Cubs give hot prospect Javy Baez an audition at second base
BY PATRICK FINLEY Staff Reporter March 17, 2014 10:03PM
Updated: April 19, 2014 6:28AM
PHOENIX — Just because Rick Renteria won’t say it doesn’t make it untrue: Second baseman Javy Baez has a clearer, straighter, faster path to the big leagues than shortstop Javy Baez.
On Monday, for the first time since he was a freshman in high school, Baez became a second baseman.
Baseball America’s fifth-best prospect started at the keystone in front of an audience that included his manager, who made a rare split-squad road trip to see him in game action after working on the practice fields this spring.
“He looked fine over there,” Renteria said, which has to be considered a fantastic first step.
“It’s a short throw to first,” Baez said. “I’ve been doing early work on doing double plays, so I get used to the angle to first base.”
He’ll get a few back-to-back starts at second base in the next two weeks.
He even might play third — his body type might fit there better than at second — before camp breaks. Renteria has said he’d like to put him at first base, too.
On Monday against the A’s, Baez got in reps at second.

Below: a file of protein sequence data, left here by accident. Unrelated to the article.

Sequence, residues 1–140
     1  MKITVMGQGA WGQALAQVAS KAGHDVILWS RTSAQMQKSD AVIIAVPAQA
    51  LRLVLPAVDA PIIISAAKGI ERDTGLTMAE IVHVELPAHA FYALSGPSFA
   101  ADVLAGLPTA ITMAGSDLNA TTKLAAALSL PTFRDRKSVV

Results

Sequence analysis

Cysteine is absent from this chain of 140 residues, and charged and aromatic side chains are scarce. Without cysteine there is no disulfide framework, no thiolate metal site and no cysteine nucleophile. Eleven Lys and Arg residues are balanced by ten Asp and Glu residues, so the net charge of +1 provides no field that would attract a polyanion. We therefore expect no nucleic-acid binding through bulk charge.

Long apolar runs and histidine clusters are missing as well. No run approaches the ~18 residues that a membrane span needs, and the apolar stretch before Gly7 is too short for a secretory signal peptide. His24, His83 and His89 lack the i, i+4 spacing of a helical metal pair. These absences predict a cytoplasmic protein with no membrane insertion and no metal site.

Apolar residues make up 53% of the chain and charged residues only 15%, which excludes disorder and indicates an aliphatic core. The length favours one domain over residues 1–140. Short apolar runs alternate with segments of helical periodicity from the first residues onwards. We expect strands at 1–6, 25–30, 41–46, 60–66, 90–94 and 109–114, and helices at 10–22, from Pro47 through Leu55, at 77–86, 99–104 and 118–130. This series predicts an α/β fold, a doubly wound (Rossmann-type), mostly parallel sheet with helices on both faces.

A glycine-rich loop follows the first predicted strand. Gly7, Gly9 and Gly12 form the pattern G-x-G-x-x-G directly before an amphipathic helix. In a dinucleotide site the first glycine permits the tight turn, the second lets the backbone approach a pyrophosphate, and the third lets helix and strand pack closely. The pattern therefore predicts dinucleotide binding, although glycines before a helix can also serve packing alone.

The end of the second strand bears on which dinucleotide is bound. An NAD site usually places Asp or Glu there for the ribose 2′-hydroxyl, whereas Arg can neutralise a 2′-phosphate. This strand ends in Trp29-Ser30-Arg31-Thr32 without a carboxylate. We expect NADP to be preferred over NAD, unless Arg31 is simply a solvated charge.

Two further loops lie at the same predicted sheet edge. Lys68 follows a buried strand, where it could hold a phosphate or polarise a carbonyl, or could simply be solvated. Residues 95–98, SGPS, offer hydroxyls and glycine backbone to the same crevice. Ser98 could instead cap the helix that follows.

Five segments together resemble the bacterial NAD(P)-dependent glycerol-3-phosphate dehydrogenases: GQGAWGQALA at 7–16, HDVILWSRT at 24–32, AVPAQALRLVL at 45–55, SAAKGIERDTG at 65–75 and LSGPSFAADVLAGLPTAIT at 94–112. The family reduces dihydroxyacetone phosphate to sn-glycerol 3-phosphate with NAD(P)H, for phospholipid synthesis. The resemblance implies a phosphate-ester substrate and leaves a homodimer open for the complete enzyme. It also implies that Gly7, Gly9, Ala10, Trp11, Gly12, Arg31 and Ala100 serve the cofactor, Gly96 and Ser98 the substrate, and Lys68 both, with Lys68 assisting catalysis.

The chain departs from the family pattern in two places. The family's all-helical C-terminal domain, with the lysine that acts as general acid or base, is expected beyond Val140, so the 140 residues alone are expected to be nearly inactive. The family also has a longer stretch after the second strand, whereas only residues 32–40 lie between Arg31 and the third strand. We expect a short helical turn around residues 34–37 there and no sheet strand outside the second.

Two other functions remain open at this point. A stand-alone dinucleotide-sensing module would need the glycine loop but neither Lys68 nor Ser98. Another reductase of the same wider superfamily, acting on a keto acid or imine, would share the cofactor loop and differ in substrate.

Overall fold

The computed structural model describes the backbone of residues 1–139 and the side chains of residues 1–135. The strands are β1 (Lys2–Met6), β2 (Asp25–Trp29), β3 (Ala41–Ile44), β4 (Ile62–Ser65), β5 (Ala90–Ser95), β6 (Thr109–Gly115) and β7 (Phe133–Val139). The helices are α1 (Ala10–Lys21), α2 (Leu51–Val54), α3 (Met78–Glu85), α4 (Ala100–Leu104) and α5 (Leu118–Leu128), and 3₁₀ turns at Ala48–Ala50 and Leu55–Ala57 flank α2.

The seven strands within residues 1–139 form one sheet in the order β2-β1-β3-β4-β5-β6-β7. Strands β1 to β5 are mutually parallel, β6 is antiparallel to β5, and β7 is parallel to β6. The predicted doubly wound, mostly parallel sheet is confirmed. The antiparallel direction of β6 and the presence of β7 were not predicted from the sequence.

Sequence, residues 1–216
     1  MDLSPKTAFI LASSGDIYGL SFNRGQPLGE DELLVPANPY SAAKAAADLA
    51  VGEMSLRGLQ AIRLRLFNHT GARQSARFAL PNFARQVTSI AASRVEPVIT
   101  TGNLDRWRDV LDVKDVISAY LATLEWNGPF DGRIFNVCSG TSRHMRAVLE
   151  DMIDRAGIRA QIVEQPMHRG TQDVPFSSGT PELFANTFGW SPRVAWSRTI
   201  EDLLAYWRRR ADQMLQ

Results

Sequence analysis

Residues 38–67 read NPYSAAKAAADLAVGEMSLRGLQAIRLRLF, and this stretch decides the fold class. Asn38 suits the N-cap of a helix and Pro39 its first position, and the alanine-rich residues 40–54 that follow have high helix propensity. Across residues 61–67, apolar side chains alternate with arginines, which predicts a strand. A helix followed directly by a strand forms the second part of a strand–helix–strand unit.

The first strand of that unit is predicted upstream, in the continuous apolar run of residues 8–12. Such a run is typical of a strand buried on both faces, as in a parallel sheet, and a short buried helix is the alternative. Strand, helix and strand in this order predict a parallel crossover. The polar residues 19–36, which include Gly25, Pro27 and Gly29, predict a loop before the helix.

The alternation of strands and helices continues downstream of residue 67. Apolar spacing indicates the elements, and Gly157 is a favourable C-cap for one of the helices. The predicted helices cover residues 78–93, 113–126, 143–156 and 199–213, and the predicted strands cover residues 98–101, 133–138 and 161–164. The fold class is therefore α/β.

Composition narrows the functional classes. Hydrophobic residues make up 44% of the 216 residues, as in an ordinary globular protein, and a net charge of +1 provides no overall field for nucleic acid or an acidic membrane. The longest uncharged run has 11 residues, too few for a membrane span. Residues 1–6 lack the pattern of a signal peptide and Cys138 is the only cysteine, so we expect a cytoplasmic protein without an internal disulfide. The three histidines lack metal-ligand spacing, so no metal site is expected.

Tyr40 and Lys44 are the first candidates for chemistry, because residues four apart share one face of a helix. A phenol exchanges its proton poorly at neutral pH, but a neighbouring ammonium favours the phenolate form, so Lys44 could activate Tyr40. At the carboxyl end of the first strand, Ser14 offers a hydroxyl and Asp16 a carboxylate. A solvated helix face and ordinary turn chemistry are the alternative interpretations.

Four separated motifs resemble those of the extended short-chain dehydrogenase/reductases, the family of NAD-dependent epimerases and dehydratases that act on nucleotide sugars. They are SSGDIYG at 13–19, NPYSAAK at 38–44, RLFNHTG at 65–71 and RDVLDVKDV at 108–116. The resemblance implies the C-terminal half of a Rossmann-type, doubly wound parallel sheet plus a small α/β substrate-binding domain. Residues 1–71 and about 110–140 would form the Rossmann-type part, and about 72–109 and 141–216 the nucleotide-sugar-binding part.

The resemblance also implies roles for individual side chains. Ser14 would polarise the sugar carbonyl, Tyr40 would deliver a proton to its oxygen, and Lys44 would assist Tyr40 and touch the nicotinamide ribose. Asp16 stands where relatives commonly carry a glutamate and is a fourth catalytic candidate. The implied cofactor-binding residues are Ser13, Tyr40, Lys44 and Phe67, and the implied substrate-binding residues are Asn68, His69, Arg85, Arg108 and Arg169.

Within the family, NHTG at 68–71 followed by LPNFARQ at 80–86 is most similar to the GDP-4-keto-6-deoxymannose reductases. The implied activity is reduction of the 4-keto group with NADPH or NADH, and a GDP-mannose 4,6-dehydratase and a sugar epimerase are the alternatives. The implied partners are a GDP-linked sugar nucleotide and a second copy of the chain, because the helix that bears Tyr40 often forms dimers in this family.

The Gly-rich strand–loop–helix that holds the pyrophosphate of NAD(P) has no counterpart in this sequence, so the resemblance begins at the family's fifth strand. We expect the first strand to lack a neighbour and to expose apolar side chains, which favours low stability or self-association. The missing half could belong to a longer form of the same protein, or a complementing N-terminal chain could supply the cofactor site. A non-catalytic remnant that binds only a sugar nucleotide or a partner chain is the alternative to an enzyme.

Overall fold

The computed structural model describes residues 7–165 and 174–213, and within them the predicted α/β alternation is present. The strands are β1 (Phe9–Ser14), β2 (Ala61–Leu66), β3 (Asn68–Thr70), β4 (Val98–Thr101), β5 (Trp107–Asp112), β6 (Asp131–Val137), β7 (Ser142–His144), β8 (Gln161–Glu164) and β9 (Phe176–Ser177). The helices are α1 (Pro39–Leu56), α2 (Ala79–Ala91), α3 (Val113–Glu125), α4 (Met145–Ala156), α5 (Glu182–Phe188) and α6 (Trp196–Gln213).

In the fourth, he ranged to his left to field a grounder by Stephen Vogt and tried to start a double play. Baez bounced the throw, which was scooped by shortstop Darwin Barney for a simple force out.
“He did an inside turn; he shoulda probably done a reverse turn, which would have given him a better chance to throw the ball firmly,” said Renteria, a former second baseman.
“One of the things he’ll have to work on.
“Just kinda get a feel for the angles and the distances.”
In the fifth, Josh Reddick’s liner hit the left edge of the mound and sailed into Barney’s glove behind second base. He slickly flipped it to Baez, who pivoted at second and threw to first for a double play.
“Pretty impressive,” Renteria said. “Nice job.”
Pivoting — both to start and turn a double play — is the biggest challenge of moving to second base, Renteria said.
“It’s not an easier position, by any means,” he said. “But it has its own nuances. We’ll see how he transitions, how he looks, how he sets up.”
The Cubs wanted Baez to get comfortable at shortstop this spring before giving him time at second. He’ll return to shortstop in the minors, but versatility, it stands to reason, will get him to the majors faster.
The Cubs won’t replace Starlin Castro for anything but an injury; that’s not true for second basemen and third basemen projected to make the 25-man roster.
Renteria debated the argument Baez was closer. Rather, he said “it makes sense” to move him around.
“Somebody gets hurt and they’re not playing my position,” Baez said, “I can come out playing another position if I have to.”
Baez, who played second base, shortstop, catcher and center field in high school, said it was “not really hard” to give up his identity as simply a shortstop.
“I’m just trying to get there and be in the lineup,” he said.
The Cubs’ shortstop of the present (and likely future) laughed when recalling his own stint at second base as a minor-leaguer.
“It’s easy,” Castro said. “First base is right there.”
That short throw, though, could be a huge leap — both for Baez and the Cubs.